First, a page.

Newly established environmental award is linked to Russian authorities

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Several prominent environmentalists have said no after being linked to a Russian backed award, established in memory of the late environmental campaigner Kurt Oddekalv.

A Russian journalist, Timofey Surovtsev and Ruben Oddekalv, who is the son of the activist Kurt Oddekalv, are behind the award. Ruben Oddekalv leads the so-called Green Warriors of Norway that his father founded in the 90s. He tells VG that the award is a Russian initiative, but the family has approved that they use Oddekalv’s name.

Oddekalv died earlier this year when he fell through the ice near his home near Bergen when trying to rescue his daughter’s dog.

The award’s Russian author, Timofey Surovtsev, is behind the Russian Pomor Environmental Center and runs the Barents News Agency. On his LinkedIn profile, Surovtsev is credited as a producer for Russian state TV channel RIA Novosti. In 2018, he took the initiative of forming a cross-border collaboration between campaigning environmental journalists across the High North.

“Surovtsev claims that he is deeply concerned about the lack of objective environmental journalism, and wants to stand up to the Norwegian media’s negative reports on environmental problems in Russia,” wrote journalist Atle Staalesen in the Barents Observer’s report on the lack of press freedom in Russia, earlier this year.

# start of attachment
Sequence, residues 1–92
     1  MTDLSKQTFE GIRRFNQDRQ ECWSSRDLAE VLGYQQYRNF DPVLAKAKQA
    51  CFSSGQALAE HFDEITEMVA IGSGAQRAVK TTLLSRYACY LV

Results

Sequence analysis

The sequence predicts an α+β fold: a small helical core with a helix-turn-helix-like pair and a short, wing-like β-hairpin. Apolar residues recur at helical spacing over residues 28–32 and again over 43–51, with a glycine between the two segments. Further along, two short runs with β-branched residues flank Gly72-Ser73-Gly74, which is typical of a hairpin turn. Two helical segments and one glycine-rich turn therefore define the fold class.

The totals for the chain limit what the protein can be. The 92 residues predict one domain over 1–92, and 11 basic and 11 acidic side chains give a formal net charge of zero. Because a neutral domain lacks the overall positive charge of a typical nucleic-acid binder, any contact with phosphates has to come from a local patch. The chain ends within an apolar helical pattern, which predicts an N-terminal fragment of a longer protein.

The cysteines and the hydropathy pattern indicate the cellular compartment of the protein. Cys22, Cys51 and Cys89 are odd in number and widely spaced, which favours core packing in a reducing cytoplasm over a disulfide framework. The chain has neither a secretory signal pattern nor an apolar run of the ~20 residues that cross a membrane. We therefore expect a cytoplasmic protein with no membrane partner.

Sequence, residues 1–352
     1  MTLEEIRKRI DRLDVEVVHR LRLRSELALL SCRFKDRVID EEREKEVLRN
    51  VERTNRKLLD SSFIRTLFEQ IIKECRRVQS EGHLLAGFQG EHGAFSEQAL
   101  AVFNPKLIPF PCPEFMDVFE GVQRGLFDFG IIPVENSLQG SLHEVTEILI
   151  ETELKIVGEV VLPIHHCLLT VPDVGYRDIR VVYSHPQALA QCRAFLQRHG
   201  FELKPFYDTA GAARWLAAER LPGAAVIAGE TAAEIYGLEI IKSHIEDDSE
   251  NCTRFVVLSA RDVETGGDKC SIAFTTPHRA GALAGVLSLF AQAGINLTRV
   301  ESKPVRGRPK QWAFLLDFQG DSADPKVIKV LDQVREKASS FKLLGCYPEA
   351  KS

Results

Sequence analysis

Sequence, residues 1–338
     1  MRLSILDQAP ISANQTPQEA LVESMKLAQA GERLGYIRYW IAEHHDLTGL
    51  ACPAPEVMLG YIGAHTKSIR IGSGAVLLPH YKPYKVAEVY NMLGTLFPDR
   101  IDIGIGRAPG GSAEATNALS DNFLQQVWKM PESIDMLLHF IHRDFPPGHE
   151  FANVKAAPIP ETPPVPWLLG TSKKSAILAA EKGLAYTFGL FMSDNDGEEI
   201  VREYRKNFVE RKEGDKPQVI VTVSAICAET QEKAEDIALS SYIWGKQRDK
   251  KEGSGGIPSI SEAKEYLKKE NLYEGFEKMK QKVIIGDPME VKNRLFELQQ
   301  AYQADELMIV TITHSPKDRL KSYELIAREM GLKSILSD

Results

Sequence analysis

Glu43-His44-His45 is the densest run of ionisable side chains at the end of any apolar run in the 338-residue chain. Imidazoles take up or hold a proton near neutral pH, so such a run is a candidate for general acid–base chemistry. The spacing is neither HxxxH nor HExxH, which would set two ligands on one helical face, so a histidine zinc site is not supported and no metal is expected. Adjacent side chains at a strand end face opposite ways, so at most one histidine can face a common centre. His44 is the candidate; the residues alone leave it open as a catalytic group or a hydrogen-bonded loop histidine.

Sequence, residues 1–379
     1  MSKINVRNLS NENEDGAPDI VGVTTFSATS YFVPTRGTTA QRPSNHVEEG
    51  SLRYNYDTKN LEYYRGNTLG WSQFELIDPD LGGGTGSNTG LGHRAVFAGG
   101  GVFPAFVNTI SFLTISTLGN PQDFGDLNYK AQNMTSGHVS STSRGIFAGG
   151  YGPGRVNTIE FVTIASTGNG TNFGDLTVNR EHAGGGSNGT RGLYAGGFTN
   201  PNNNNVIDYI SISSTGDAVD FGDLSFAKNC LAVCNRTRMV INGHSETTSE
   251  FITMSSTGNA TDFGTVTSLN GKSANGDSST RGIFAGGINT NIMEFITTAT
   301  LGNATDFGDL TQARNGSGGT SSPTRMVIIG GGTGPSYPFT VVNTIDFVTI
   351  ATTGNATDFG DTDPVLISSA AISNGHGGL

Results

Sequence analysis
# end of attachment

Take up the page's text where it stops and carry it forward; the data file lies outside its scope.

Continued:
Among those nominated for the award is Sami Parliament President Silje Karine Muotka. She was also, without being informed about it, listed as a member of the award’s expert panel together with people from Norway, Sweden, Finland and Russia.

Muotka declined the award and asked to be removed from the expert panel.

“Yes, they quickly removed my name. And of course I said no to this award. I did not want to be associated with it,” she told VG.

Another who had been listed without knowledge of it was the Norwegian Society for the Conservation of Nature’s former leader, Silje Ask Lundberg. She had not heard of the award and also asked to be removed from the award’s expert advice.

“I started researching the organizations behind it. I discovered that there were people who worked for state-controlled media in Russia. Then I became suspicious,” said Ask Lundberg.

Therese Hugstmyr Woje, leader of Young Friends of the Earth Norway, also declined to receive the award. She justifies this with the fact that Surovtsev has said a lot that a negative image of Russia is being drawn in Norway, and that Russia must do more to fight back against Norwegian propaganda.

Ruben Oddekalv flatly denies that his Russian contacts use his father’s name as part of a propaganda campaign.

“There is nothing in our contact with the Russians for many years that indicates abuse,” said Oddekalv.

Among other recipients of the environmental award is Kenneth Bruvik, well-known environmentalist and host of the NRK program “The fantastic wild salmon”.


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